MANCHESTER, Conn. — A warehouse driver who a union official said was caught on video stealing beer from the distributorship where he worked went on a shooting rampage there Tuesday, killing eight people and wounding two before committing suicide.
Omar Thornton, 34, pulled a handgun after a meeting in which he had been offered the chance to quit or be fired, Manchester Police Chief Marc Montminy said. Among those killed was Thornton’s union representative at the meeting.
The gunman, who was black, had complained of racial harassment and said he found a picture of a noose and a racial epithet written on a bathroom wall, the mother of his girlfriend said. Her daughter told her that Thornton’s supervisors told him they would talk to his co-workers.
Brett Hollander, whose family owns the distributorship, said, “I can assure you there has never been any racial discrimination at our company.” And a union official said Thornton had not filed a complaint of racism with the union or any government agency.
Thornton had been caught on videotape stealing beer, Teamsters official Christopher Roos said.
“It’s got nothing to do with race,” Roos said. “This is a disgruntled employee who shot a bunch of people.”
Thornton’s girlfriend had been with him the night before the rampage and had no indication he was planning it, said her mother, Joanne Hannah.
On Tuesday morning, about 50 to 70 people were in the warehouse about 10 miles east of Hartford during a shift change when the gunman opened fire around 7 a.m., Hollander said. Adding to the chaos at the warehouse was a fire, which was put out. Montminy said he didn’t know how the fire started, but didn’t think it was set.
The shooting was over in a matter of minutes, Montminy said. The victims were found all over the complex, and authorities don’t know if Thornton fired randomly or targeted specific co-workers, Montminy said.
After shooting his co-workers, Thornton called his mother, Hannah said.
“He wanted to say goodbye and that he loved everybody,” Hannah said.
Thornton was alive when police got to the scene but killed himself before officers got to him, Montminy said. A police sharpshooter had approval to fire on Thornton when he killed himself, an official with knowledge of the scene told the AP on condition of anonymity because he was not authorized to discuss it.
Hannah said her daughter, Kristi, had dated Thornton for the past eight years. Kristi Hannah did not return calls for comment.
“Everybody’s got a breaking point,” Joanne Hannah said.
Hannah described Thornton as an easygoing guy who liked to play sports and video games. She said he had a pistol permit and had planned to teach her daughter how to use a gun.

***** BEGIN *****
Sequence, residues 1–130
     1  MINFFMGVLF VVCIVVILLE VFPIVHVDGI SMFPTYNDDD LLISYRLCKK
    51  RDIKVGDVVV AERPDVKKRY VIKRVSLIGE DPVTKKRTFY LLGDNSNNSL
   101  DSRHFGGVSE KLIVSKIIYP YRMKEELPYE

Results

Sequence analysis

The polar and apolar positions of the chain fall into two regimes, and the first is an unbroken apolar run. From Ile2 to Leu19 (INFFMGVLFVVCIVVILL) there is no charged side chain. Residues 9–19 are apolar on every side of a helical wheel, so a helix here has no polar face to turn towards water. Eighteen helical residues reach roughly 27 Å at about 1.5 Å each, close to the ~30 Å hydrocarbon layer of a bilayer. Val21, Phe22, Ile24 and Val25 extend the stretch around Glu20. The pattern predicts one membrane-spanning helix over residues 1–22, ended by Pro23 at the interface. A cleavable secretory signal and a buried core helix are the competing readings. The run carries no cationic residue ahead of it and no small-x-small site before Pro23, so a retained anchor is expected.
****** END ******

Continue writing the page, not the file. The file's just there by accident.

Hollander’s cousin, Steve, who’s a vice president at the company, was shot in the arm and the face. Hollander said he thought his cousin would be OK. Steve Hollander would not comment when reached on his cell phone.
Police declined to release the names of those killed.
Among the dead was Bryan Cirigliano, 51, of Newington, president of Teamsters 1035, according to the union. He had been Thornton’s representative at Tuesday’s disciplinary hearing, the union said.
Bill Ackerman, a 51-year-old warehouseman, also was killed, said his girlfriend, Stephanie Laurin.
“I was like, ‘Where’s Billy, where’s Billy?’ and they said they hadn’t seen him. And then one of his co-workers told me … that he saw the shooter go to where Billy’s room is that he works in,” she said. “I was just praying to God that he was OK.”
Ackerman, who enjoyed playing golf and rooting for the Boston Red Sox, had worked for the company for about 20 years, she said.
The Hartford Courant identified another victim as Victor James, 59, of Windsor. Two victims were being treated at Hartford Hospital.
The rampage was the nation’s deadliest since 13 people were fatally shot at Fort Hood, Texas, in November. A military psychiatrist is charged with 13 counts of premeditated murder and 32 counts of attempted premeditated murder in that case.
In Connecticut, a state lottery worker gunned down four supervisors in 1998 before committing suicide, and six people were killed in 1974 in botched robbery at a bakery in New Britain. Two men were convicted of that crime.
On Tuesday, a few dozen relatives and friends of the victims gathered a few miles away at Manchester High School. Outside, people talked, hugged and cried. Others talked on cell phones.
Police officers from numerous agencies and police and fire vehicles surrounded the warehouse, on a tree-lined road in an industrial park just west of a shopping mall.
Thornton listed Hoffman’s Gun Center & Indoor Range in Newington as among his interests on his Facebook page. A company official declined to comment.
Thornton filed for bankruptcy protection a decade ago. His Chapter 7 petition in 2000 listed $4,850 in assets, including a 1994 Chrysler Concorde, and more than $15,000 in liabilities — primarily debt on credit card and student loan payments. His debts were discharged in March 2001 and the case was closed the following month.
The Connecticut Commission on Human Rights and Opportunities said Hartford Distributors has never had any complaints filed against it.
The Hollander family is widely respected in Manchester, said state Rep. Ryan Barry, a lifelong resident. He said the family-owned Hartford Distributors sponsors local sports teams and the family is civic-minded.
“Everybody knows the Hollanders as good, generous, upstanding people,” Barry said. “They’re embedded in the community. Everyone knows Hartford Distributors. They treat their employees very well and they’re part of the fabric of the town.”
In a statement, Connecticut Gov. M. Jodi Rell offered condolences to the victims’ families and co-workers.
“We are all left asking the same questions: How could someone do this? Why did they do this?” she said. Source